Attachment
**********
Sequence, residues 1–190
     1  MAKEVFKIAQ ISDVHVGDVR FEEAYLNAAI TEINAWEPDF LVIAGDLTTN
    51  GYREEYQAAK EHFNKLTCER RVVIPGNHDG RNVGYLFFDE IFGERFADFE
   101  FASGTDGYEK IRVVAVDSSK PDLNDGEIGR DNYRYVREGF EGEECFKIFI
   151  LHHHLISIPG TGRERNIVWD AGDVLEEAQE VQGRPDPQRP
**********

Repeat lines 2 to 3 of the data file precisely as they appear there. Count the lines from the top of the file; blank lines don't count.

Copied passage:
     1  MAKEVFKIAQ ISDVHVGDVR FEEAYLNAAI TEINAWEPDF LVIAGDLTTN
    51  GYREEYQAAK EHFNKLTCER RVVIPGNHDG RNVGYLFFDE IFGERFADFE